The decision to choose whether to file for Chapter 7 or Chapter 13 bankruptcy can be a difficult one. There are many factors to consider. However, most financial and legal guidance suggests that the line separating the two types of bankruptcy strictly divides along income level and assets.
Generally, filing for Chapter 7 bankruptcy is a simpler, more straightforward process. For this reason, according to recent data, approximately 71 percent of all bankruptcy cases are Chapter 7. Chapter 13, conversely, is a longer process with somewhat confusing rules. Other differences can include:
- Chapter 7 focuses on debt elimination while Chapter 13 is considered debt reorganization and repayment.
- In Chapter 7, you might face the foreclosure of your property or repossession of your vehicle. In Chapter 13, you will likely keep your assets if you stay current with the court-ordered payments.
- The duration of a Chapter 7 bankruptcy is considerably shorter than the 3- to 5-year repayment plan in a Chapter 13.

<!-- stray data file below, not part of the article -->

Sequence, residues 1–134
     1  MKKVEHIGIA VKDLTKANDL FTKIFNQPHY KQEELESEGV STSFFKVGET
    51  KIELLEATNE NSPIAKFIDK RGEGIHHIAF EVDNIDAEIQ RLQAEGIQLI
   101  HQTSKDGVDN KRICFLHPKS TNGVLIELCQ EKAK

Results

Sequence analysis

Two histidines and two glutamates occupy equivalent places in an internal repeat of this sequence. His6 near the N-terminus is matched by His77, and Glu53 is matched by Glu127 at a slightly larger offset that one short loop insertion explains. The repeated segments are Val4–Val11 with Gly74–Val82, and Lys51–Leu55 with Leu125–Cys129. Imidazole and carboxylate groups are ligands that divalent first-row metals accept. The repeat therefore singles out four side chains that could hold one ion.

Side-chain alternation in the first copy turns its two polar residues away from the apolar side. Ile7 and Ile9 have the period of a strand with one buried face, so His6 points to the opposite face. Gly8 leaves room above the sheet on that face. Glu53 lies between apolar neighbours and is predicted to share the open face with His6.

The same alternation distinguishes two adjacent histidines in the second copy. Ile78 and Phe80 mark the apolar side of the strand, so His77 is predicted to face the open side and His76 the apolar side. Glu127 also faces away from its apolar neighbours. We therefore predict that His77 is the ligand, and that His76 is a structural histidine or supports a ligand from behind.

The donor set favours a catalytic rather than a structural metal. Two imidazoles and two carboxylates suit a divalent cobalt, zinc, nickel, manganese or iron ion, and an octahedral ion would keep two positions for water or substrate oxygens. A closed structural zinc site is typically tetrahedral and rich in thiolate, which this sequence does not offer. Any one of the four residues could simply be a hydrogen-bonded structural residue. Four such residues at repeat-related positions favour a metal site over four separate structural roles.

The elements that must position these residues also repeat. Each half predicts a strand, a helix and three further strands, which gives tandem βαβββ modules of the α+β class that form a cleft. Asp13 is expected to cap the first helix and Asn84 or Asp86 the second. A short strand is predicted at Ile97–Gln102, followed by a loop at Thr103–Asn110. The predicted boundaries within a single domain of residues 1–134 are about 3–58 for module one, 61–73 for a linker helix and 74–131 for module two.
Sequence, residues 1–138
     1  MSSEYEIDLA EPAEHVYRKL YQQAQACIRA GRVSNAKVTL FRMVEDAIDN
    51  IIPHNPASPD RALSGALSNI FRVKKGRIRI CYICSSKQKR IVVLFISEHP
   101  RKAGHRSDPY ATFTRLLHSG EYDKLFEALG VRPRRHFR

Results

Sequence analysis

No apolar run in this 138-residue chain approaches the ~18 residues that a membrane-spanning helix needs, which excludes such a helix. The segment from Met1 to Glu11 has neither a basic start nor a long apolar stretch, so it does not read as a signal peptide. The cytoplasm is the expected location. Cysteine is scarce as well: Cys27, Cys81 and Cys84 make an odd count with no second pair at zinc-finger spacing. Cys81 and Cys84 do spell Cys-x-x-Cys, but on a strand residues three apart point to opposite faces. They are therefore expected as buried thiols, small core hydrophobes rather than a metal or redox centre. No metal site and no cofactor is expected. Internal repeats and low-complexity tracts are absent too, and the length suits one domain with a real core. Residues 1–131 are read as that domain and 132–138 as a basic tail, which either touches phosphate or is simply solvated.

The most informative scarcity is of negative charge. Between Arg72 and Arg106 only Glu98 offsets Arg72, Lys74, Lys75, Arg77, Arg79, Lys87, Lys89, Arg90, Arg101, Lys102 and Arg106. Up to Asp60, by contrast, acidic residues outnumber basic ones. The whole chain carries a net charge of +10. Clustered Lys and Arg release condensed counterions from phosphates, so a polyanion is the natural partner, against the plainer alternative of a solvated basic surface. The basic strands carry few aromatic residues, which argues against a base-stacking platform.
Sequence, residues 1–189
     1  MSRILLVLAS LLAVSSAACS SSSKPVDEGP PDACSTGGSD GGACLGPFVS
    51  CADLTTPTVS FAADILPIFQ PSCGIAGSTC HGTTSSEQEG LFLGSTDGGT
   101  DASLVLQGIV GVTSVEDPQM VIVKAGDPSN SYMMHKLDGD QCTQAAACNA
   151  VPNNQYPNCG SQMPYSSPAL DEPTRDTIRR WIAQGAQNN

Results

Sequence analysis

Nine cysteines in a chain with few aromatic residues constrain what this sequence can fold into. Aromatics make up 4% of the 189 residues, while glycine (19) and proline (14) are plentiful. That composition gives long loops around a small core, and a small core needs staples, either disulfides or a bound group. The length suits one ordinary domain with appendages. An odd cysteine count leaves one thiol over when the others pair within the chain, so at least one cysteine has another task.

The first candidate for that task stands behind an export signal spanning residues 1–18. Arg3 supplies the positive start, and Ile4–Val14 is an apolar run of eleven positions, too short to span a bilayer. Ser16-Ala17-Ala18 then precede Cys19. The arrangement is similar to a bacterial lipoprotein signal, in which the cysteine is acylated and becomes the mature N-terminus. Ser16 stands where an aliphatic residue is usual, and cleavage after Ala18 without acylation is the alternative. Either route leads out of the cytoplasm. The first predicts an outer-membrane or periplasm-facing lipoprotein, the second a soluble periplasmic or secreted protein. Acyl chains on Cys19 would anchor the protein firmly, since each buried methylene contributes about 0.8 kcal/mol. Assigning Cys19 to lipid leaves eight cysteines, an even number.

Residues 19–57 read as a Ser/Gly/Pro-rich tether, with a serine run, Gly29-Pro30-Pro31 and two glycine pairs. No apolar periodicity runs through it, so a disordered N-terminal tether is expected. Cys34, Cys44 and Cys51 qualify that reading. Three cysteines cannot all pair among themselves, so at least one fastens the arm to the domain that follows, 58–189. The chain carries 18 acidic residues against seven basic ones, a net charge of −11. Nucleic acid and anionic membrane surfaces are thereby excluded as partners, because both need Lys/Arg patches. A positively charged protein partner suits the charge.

- In the future, you can file a Chapter 7 bankruptcy eight years after the last Chapter 7 filing. You must wait two years from the successful completion of a Chapter 13 to file again.
These are the differences in the broadest strokes. You should discuss your financial future with a knowledgeable legal professional. A bankruptcy attorney can thoroughly examine your situation and provide guidance uniquely tailored to your challenges and your future goals. Don’t hesitate to explore your options for a fresh financial start. Making a decision early can prevent additional complications.